To be Irish in Poland right now is not a great feeling. Having witnessed Ireland versus Croatia in the press centre adjacent to the Gdansk stadium I can safely say that of the twelve teams that have played so far in the competition, Ireland’s performance last night was the poorest we have seen.

It wasn’t for lack of effort on the part of the players. It certainly wasn’t because of a problem in the preparation. The support was magnificent and at a fever pitch that could only inspire the team and the nation as a whole.

So what went wrong?

You might argue that this was a once off, unlucky outcome. We didn’t get the breaks on the night; their goals were almost freakish: a looping header that caught Shay Given unawares; a ball that came off the post and in off Shay’s head; a dodgy effort by Jelavic with questions of offside about it; the penalty that should have been given. All of that only papers over the cracks of what was a disjointed performance by Ireland.

You might say that the Croatian team is not that good; that we can improve and still have a chance against Spain and Italy. But on the basis of the game that Brian Kerr and I witnessed in Gdansk between Spain and Italy – a match of the highest technical standard between the last two World Cup winners - there is only the remotest of chances that Ireland can get a result first against Spain in Gdansk on Thursday, and then against Italy in Poznan next Monday.

Spain and Italy produced football of contrasting styles that was at a level that is way beyond this Ireland side. It would take another miracle like Moscow for Ireland to come back in Group C. As long as there is hope we can only dream… but should we be surprised that we have failed our first examination on the highest stage.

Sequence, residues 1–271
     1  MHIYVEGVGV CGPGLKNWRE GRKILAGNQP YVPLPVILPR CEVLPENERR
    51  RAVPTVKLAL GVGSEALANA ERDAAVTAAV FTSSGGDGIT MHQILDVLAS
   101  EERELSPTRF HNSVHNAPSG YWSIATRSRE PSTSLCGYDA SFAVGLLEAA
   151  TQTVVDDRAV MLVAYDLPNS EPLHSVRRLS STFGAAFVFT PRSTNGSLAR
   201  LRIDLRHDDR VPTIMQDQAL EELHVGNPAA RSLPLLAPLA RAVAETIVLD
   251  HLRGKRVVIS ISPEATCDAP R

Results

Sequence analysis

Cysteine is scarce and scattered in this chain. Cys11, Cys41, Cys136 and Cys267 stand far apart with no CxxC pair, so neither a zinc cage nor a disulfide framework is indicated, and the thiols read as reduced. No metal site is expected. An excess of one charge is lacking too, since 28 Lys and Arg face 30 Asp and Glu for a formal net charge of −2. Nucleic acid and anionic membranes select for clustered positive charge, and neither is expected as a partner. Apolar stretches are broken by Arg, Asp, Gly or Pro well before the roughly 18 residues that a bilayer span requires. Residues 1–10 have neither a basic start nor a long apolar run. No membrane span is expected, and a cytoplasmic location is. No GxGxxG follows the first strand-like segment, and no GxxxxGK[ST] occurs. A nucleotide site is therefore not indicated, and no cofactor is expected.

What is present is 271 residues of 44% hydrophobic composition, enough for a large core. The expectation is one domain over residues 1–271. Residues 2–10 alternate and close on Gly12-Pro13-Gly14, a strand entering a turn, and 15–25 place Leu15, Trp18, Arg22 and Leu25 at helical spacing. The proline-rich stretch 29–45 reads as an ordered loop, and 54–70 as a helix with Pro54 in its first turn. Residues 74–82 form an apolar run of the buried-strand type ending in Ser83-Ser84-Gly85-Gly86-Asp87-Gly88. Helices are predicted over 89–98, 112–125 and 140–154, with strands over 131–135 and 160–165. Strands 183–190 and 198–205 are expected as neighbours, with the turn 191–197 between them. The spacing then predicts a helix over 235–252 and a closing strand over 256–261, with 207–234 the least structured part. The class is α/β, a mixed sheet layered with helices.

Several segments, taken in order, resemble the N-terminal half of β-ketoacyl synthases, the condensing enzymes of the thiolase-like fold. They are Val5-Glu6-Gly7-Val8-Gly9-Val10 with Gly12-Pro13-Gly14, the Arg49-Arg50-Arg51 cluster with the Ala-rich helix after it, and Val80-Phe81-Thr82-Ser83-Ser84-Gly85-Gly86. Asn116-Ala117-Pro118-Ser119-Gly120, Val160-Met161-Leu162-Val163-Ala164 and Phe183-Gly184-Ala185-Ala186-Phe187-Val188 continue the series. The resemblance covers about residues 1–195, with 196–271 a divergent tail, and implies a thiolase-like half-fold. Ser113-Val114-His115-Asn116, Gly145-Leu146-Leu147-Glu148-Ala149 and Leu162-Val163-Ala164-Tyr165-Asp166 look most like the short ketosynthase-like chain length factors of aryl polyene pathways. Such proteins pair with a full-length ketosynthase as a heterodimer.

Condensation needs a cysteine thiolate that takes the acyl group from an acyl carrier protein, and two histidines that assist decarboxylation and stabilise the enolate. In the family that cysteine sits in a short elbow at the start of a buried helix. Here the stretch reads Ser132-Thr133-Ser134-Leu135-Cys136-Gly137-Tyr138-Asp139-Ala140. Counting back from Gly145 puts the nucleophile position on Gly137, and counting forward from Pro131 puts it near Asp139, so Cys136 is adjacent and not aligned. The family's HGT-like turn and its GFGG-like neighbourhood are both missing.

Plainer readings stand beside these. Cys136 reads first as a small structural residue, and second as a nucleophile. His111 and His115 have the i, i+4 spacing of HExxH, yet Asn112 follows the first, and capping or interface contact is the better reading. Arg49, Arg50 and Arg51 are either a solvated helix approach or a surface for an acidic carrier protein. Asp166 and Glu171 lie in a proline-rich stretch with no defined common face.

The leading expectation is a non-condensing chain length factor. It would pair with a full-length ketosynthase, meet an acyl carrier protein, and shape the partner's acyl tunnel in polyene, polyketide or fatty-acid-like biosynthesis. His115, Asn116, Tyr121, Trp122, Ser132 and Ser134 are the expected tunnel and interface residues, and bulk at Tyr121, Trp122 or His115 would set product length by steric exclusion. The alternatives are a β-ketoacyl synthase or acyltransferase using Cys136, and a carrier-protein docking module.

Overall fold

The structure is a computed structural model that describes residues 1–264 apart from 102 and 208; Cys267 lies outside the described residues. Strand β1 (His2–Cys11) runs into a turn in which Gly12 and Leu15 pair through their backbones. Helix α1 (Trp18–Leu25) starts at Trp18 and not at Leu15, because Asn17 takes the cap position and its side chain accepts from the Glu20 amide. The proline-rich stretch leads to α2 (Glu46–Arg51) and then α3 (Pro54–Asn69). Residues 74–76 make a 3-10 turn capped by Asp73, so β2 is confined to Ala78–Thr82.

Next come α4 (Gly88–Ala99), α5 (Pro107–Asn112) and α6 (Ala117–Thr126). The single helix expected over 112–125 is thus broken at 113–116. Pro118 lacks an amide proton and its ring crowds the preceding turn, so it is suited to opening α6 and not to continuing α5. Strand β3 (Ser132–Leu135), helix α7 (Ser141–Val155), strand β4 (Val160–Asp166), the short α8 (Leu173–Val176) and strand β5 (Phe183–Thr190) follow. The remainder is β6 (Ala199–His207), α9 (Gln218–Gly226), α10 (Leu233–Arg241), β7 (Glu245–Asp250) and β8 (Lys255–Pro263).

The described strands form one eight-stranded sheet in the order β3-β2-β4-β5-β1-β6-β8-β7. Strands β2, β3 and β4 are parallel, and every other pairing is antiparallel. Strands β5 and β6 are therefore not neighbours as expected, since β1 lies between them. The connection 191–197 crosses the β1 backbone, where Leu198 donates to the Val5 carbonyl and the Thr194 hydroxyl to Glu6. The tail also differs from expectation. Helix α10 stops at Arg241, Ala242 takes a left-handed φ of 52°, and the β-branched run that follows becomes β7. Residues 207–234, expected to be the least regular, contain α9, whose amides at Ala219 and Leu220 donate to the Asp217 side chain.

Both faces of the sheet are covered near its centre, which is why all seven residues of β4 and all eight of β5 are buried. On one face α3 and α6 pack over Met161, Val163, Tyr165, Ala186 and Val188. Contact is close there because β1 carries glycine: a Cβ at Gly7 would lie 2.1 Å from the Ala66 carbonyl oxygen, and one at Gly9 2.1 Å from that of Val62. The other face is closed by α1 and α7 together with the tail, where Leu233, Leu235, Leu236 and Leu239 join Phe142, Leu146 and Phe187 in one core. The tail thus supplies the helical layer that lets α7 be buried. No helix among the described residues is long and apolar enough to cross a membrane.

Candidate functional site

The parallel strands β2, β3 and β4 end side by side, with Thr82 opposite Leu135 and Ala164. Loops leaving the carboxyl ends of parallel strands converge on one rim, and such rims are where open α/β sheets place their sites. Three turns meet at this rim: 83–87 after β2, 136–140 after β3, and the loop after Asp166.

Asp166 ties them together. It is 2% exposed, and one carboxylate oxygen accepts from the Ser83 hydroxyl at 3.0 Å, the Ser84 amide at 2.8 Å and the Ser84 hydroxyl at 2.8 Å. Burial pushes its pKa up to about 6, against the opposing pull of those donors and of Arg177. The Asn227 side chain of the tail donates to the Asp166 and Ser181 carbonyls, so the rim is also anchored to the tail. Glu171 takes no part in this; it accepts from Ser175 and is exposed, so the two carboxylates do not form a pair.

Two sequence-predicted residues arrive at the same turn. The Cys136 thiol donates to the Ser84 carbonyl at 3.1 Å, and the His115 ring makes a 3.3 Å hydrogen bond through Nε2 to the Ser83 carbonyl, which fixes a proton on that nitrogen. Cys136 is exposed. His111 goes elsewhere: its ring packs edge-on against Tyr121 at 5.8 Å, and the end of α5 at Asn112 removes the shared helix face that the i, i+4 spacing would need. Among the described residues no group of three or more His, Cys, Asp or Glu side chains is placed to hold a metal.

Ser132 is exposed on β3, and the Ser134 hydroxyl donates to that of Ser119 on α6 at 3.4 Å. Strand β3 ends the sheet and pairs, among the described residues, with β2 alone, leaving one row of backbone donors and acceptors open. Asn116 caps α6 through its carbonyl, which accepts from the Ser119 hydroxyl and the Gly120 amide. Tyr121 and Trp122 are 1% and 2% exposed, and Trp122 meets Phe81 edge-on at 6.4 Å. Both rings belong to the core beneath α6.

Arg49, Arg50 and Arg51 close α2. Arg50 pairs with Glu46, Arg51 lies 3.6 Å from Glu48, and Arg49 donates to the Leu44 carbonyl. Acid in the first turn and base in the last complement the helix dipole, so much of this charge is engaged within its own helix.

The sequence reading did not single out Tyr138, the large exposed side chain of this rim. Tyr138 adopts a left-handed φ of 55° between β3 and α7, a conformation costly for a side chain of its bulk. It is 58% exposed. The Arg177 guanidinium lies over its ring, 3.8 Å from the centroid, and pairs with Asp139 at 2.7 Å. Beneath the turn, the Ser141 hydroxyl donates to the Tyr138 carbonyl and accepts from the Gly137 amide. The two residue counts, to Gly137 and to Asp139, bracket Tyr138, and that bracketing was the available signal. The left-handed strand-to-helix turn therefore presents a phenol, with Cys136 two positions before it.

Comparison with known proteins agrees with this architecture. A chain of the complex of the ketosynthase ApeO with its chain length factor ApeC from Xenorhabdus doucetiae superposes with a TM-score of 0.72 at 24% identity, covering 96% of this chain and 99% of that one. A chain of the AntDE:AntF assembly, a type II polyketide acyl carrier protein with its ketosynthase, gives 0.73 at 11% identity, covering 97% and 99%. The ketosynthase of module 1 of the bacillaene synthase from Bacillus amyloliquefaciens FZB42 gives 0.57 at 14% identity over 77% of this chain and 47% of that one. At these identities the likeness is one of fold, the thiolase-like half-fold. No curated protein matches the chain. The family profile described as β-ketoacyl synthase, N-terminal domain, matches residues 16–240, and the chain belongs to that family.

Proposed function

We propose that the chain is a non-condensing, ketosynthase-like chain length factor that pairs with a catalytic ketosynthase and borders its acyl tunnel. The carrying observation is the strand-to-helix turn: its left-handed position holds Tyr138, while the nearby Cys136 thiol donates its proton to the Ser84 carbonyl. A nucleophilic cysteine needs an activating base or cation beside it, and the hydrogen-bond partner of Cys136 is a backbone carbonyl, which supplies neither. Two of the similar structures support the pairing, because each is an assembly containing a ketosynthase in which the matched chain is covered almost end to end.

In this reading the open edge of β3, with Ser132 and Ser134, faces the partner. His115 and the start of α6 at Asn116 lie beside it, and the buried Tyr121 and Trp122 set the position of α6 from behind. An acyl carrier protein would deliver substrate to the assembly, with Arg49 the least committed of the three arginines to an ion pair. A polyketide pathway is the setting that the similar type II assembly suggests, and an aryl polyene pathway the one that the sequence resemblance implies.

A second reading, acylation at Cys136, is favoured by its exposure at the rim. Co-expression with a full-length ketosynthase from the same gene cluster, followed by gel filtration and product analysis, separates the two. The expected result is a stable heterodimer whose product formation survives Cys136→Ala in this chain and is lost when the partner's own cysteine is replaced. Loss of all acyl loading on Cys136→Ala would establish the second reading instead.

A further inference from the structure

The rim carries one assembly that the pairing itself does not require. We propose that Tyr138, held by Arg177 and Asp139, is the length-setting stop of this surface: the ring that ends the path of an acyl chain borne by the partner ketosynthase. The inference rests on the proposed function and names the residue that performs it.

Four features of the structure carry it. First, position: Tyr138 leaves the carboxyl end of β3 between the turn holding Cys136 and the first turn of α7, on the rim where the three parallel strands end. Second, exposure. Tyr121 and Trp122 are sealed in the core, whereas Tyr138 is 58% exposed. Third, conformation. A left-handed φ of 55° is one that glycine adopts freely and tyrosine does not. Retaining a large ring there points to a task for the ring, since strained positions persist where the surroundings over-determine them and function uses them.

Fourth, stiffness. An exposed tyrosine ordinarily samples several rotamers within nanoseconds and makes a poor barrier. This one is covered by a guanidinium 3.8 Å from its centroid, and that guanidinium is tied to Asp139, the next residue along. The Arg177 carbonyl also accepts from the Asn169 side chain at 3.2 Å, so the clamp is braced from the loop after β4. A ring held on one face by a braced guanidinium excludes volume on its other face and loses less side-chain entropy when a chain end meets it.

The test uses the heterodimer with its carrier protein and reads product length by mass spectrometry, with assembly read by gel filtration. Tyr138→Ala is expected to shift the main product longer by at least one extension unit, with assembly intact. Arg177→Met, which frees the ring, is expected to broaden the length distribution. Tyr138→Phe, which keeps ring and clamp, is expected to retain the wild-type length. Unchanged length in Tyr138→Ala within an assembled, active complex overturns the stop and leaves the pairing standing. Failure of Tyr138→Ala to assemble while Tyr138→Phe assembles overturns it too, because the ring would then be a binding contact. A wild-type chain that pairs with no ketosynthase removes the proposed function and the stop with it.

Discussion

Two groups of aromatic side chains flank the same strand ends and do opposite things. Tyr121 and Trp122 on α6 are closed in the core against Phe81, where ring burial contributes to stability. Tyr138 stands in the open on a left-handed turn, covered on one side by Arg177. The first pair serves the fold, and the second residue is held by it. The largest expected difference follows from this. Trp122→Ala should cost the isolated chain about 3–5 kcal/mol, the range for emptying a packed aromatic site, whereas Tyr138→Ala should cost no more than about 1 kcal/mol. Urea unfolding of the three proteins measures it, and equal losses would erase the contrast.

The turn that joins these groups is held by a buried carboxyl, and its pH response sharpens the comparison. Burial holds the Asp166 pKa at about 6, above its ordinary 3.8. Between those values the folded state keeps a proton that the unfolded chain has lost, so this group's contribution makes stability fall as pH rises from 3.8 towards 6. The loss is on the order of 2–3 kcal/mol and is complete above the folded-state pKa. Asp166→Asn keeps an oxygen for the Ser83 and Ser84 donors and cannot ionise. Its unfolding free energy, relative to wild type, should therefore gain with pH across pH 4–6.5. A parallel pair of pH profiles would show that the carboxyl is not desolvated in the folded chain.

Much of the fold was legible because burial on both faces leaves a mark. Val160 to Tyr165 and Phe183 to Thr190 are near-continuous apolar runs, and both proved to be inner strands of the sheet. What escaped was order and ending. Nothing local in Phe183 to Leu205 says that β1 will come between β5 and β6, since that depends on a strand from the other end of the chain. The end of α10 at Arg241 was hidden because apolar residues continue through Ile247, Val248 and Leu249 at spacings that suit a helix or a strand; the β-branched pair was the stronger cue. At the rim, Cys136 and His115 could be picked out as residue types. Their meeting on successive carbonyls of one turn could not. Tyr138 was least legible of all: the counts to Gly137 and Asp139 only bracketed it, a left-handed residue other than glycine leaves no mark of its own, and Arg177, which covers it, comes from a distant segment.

After years of putting up with Giovanni Trapattoni’s old-fashioned tactical plan, and seeing the Irish players selected to fit that system, it was depressing to see us produce the worst competitive performance since the Italian took over.

The fact that our team played in shirts numbered 1 to 11 was not an accident. Trapattoni does not like change. Despite problems for several players with injury and form in the build-up to the tournament, Trap had this team picked weeks ago - and he was not going to waver from that.

How did that make numbers 12-23 feel? Are they just bit part players in this Irish drama? And most importantly, will Trap make any changes for the game on Thursday, as he surely must? Will he, as he might have last night, use James McClean? How will he freshen up the midfield that at no point last night kept control of the game? And if players are not 100%, will they be replaced with fresher, fitter alternatives?

We always live in hope and that will keep us going until we meet Spain on Thursday. It would take a performance of herculean proportions for Ireland to get the draw we need. The chances are slim against a superior force – but we know that the players have it in them as we have done it before, against France in Paris for example.